In India, we just hate giving bad news. We are happy to delay it as much as possible. After Grade 12, the question “Should you be pursuing a theoretical Bachelor’s degree or pursuing a vocation” just doesn’t get asked. One of the big reasons for this is the sheer number of low quality degree distribution businesses (aka colleges) that have mushroomed in India — mostly owned by the rich and the well connected. A qualification exam, which I feel is a must before you can pursue higher education, would kill a lot of these businesses . Hence, it doesn’t even get talked about. And, once people have attained a degree, their willingness to get their hands dirty is far lower. The Ministry of Human Resource Development (MHRD) website doesn’t even list data about students enrolled in vocational education.
In 2015, we added one lakh jobs in the top 8 sectors. Let me remind you that one million people every month are turning 18. Please pause. Do the math and let the enormity of the challenge sink in.
There is a comprehensive report by HDFC bank titled Naukri Kum. I don’t necessarily agree to all conjectures there, but it highlights a lot of key data points. For a long time, Industries have been talking about lack of quality skilled workforce. While that is always the case, I would argue that if and when there is business needs, companies have been able to do the skilling themselves to meet the need.
When I ran HR at Flipkart , possibly the fastest growing company of our times, we used to always think about: whether we do more with less (capital and labour). Nobody that I met or read in the HR circuit was touting “big is better”, in terms of employee base. It has been a while since I read about two large companies joining hands, because “bigger is better”.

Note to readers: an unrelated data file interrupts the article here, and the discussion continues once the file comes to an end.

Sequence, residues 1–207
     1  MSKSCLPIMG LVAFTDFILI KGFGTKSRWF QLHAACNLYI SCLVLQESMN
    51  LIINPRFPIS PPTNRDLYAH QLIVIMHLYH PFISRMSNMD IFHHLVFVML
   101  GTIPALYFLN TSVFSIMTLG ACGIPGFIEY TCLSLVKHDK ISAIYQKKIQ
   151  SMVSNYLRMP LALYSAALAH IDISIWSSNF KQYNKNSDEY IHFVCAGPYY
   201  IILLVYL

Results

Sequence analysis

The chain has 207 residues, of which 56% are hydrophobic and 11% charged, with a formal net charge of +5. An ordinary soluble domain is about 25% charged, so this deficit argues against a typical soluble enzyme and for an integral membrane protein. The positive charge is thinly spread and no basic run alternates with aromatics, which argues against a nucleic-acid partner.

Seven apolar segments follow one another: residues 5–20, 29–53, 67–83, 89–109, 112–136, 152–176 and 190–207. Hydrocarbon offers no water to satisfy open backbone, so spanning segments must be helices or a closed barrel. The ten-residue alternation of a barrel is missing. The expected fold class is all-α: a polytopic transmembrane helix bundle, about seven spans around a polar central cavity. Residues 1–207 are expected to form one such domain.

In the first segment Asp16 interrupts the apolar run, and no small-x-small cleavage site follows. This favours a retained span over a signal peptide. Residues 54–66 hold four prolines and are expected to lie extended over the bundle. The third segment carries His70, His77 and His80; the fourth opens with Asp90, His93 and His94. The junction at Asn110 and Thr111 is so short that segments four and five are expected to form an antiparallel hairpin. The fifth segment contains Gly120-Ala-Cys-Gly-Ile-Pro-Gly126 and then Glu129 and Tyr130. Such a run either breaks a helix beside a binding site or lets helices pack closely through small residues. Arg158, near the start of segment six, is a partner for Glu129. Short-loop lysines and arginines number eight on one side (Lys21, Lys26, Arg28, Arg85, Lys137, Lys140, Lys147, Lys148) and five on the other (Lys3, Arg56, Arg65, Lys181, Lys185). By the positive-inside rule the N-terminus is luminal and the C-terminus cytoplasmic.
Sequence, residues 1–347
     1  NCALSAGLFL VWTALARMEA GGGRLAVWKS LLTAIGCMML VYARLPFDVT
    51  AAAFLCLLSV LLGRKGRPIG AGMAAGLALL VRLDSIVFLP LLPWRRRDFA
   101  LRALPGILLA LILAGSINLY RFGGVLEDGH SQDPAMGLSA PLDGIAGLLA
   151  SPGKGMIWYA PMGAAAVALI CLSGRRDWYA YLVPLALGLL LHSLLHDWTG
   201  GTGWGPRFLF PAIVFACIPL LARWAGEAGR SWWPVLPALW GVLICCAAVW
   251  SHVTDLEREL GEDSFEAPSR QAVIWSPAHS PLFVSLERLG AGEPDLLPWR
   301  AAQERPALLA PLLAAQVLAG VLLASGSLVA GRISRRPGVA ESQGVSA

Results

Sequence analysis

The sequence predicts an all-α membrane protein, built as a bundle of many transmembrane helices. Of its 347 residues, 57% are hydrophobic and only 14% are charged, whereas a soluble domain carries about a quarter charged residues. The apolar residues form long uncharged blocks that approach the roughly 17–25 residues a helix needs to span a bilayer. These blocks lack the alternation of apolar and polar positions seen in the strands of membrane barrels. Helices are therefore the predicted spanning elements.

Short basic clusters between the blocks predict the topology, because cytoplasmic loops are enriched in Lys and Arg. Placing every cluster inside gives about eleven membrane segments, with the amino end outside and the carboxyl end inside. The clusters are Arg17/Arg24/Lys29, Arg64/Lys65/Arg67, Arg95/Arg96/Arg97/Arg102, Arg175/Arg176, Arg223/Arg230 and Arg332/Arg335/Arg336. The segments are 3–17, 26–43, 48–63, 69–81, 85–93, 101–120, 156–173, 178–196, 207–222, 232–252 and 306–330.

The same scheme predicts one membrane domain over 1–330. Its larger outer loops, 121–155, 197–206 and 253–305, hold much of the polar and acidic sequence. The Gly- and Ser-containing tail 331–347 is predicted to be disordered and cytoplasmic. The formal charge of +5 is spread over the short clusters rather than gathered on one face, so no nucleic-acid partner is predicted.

The IT industry, which is seen as the biggest job creator over the last 30 years, used to hire non-engineering graduates and train them less than 10 years back. They have been talking about unemployable engineering graduates as early as then!
All this to me points towards something simple: we, the human race, have just not been able to solve the challenge of creating mammoth, yet productive and healthy organisations. I do not see large swathes of Indians being employed by massive corporates. I believe they will be occupied by a lot more smaller enterprises, entrepreneurs and “gig workers”, whose productivity would get enhanced by platforms aggregating them.
NSDC, short for the National Skill Development Corporation, has developed National Occupation Standards for thousands of job profiles with the help of industry experts. By looking at the output, I have couple of large concerns. For context, do check out this 46 page description of a software engineer role or this 55 pager for a cashier.
I am no HR expert, but how are these laborious standards ever going to be meaningfully used for training or assessment? It seems like these have been developed with a very rigid, as-of-today view, probably specific to the industry partner who was active on a skill council. Underlying these, there seems to be an assumption that the shelf-life of a skill is very long. We are living in a world, where audio and video are threatening typing, and driverless cars are threatening driving as a skill.
In my opinion (IMO), there should probably have been standards only on performance/accomplishments of the skill. Examples: how many transactions can a cashier do in five minutes? What kind of error rates are acceptable? (As an aside, I am perplexed that a software engineer, with a pre-requisite of a Bachelor’s in Technology finds a place under the Skill India mission!)
I believe it is unfair to call out the challenges without offering suggestions. Some of the below suggestions are already part of the policy. But, IMO, they should have far higher focus than they do.
Lead Image: rkl_foto / Shutterstock.com
[Update at 1.45 pm, Aug 25: After a bunch of Twitter interactions, especially with @madmanweb & @gkjohn, Mekin realises that his desperation to impact change led him to see only one side of Conscription. It has multiple side effects and some quite negative. That said, the urgency for India to break class hierarchies is critical for skilling and an overall healthy workforce.]